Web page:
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Maersk sees trade growth among BRICS nations; Shipowner’s sore summer ends with solid sale

Maersk sees trade growth among BRICS nations
11/09/2017 http://www.hellenicshippingnews.com/maersk-sees-trade-growth-among-brics...

Containerized trade among BRICS nations saw robust growth in the first half of this year, according to the world’s largest container shipping company Maersk Line.

Demand has improved as most of the world’s major economies started to recover this year, and the growth among BRICS countries continued to outpace the global average, said Mike Fang, managing director for Maersk Line’s Greater China Cluster.

“There is much potential to enable trade among BRICS nations and we will definitely look into it,” he said in a statement.

Maersk’s exports from China to India increased 26.2 percent year on year in the first half, those to Brazil and South Africa both rose 8.7 percent, while Maersk’s imports from South Africa to China surged 43.9 percent, according to Fang.

The company’s statistics showed customers in other BRICS countries were most attracted to Chinese textiles and clothing, consumer electronics and furniture.

While China’s imports still focused on raw materials and resources, Maersk saw increases in the imports of meat from Brazil as well as fruit and nuts from South Africa.

E-commerce developed very fast with other BRICS countries’ products gaining traction on the Chinese market, Fang said.

Customs data showed a 37.7-percent year-on-year growth in China’s imports from other BRICS countries in the first seven months of this year, faster than the 28.7-percent increase in exports to those countries.

Grouping Brazil, Russia, India, China and South Africa, BRICS accounted for 23 percent of the 2016 global economy, almost double their share in 2006, and contributed to more than half of global growth.
Source: Xinhua

Shipowner’s sore summer ends with solid sale
11/09/2017

Maersk is selling off its oil and gas assets to French energy company Total in a deal worth close to 50 billion kroner. Pending approval from the competition authority, the deal should be completed sometime in early 2018.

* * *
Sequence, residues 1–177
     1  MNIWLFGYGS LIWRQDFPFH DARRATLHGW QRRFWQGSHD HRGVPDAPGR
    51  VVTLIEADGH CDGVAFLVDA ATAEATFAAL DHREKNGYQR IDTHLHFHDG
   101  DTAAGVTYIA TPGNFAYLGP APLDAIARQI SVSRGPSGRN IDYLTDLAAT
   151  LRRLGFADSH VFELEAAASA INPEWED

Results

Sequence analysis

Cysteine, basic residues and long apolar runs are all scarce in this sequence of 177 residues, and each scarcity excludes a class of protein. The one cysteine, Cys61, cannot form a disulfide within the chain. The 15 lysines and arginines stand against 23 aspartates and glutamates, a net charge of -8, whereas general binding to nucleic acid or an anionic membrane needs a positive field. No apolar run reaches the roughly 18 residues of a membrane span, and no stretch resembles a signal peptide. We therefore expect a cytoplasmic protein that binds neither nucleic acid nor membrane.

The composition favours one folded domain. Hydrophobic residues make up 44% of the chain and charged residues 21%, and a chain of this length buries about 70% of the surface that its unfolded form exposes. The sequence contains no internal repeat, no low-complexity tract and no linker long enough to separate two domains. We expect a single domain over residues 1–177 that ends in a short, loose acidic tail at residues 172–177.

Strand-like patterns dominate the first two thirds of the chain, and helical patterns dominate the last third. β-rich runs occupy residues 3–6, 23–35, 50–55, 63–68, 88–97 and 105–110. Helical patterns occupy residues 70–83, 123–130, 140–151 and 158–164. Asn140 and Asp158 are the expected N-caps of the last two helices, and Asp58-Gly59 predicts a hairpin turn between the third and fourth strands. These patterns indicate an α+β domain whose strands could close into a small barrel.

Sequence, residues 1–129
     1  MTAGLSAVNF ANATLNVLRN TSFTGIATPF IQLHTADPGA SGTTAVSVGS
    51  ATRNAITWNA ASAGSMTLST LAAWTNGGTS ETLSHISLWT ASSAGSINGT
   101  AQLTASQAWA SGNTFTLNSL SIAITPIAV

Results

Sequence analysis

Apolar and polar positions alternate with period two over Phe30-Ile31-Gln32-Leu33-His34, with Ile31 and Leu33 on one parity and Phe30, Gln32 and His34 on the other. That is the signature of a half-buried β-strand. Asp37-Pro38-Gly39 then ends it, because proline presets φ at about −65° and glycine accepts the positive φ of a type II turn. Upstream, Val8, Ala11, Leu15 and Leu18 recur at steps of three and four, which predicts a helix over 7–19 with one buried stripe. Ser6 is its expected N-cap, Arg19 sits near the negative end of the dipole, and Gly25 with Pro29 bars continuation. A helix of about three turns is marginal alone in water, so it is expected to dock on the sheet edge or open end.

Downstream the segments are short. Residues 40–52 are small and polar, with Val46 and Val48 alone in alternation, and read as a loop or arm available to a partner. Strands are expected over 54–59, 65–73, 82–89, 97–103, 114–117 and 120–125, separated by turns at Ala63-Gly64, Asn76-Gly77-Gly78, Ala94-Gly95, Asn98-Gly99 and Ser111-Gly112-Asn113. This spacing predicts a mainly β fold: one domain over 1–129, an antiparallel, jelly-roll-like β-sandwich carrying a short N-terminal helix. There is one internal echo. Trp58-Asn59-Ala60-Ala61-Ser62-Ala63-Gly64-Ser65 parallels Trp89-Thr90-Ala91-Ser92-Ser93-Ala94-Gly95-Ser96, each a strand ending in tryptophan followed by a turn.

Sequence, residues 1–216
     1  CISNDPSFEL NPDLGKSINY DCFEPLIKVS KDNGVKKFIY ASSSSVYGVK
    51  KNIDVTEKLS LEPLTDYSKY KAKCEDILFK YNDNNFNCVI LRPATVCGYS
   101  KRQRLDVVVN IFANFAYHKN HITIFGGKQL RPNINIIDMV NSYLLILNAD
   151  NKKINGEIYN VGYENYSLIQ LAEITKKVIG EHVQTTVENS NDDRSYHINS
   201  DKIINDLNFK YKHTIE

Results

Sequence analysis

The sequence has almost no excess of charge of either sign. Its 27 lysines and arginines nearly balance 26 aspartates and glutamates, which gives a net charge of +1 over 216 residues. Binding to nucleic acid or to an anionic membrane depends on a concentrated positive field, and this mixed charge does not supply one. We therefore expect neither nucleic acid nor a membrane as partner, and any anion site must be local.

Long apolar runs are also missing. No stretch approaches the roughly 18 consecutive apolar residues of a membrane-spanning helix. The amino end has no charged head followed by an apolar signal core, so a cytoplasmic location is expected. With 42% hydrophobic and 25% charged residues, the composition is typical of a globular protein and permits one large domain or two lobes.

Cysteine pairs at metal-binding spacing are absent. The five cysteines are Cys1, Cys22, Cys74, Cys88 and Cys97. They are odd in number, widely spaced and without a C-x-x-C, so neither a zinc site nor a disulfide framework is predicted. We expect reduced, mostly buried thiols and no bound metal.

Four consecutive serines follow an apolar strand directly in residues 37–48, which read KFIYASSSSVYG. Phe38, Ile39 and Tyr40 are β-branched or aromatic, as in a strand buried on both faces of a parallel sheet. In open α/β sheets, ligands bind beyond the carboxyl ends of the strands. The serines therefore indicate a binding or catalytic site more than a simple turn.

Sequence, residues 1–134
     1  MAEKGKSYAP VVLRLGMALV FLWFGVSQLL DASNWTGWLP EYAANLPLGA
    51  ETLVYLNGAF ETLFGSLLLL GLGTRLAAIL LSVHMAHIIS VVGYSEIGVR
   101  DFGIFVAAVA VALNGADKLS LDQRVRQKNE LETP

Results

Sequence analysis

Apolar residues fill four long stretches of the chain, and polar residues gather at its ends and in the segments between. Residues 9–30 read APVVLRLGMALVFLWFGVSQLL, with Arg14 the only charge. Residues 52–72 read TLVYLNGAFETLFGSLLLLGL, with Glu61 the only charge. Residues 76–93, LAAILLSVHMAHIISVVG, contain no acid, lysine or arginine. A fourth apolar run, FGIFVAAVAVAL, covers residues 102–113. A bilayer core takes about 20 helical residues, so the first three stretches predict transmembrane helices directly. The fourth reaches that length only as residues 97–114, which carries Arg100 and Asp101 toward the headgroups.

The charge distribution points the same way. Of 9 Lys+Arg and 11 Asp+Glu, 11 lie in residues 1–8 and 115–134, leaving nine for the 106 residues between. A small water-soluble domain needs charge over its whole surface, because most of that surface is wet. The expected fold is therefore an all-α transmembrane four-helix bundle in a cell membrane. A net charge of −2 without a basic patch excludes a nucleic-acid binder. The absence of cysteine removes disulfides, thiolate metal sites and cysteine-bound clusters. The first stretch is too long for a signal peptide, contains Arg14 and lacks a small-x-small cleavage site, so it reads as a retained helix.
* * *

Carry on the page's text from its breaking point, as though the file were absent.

Norwegian media has voiced concerns Total will relocate workers from its office in Stavanger to Copenhagen, where it will oversee all its North Sea activities, according to the Maersk press release.

As part of the deal, Maersk will end up owning 3.76 percent of the French company, which will assume debt totalling almost 16 billion kroner.

Right time to sell?
the deal alleviates shareholder concerns over the continued fall in the price of oil, which has dogged Maersk’s results in recent years.

For some time now, the future viability of oil and gas deposits has been questioned, as it becomes increasingly harder to access supplies.

For example, Denmark has so far extracted 4 billion barrels of oil and gas from its North Sea fields, but most of the remaining 3 billion barrels lie 2 km beneath the seabed.

Hacked off

The Total deal, which was announced on August 21, followed a difficult summer for the shipping giant in which it suffered at the hands of hackers and the environmental authority.

At the end of June, the company experienced a cyberattack that hit vessels, as well as disabling computer systems in various Maersk-run ports around the world, forcing them to remain idle.

The company estimates it lost between 1.3 and 1.9 billion kroner as a result.

Discharge reprimand
Additionally, Maersk Oil was reported to the police by the environmental authority, Miljøstyrelsen, for breaching the maritime environmental law in connection with its North Sea oil production.

According to Miljøstyrelsen, Maersk Oil released so-called red chemicals into the North Sea. It is reported that it was 42 tonnes of the chemical scavtreat, which is used primarily to remove sulfides from oil and gas.

The chemicals used during oil drilling are listed via a kind of traffic-light system (green, yellow, red and black), in which the black chemicals are deemed the most hazardous to the environment.

African fund
In other news, Maersk has joined forces with three pension firms – PensionDanmark, PKA and Lægernes Pension – to establish a new infrastructure fund in Africa.

The four partners have already shelled out a total initial investment of about 3.5 billion kroner for the new fund, which has been given the title ‘Africa Infrastructure Fund I’ and will particularly focus on transport and energy.

The fund will open its doors to prospective investment partners from Denmark and abroad over the coming year, and it is expected to make 10-15 investments over the next decade or so.
Source: Copenhagen Post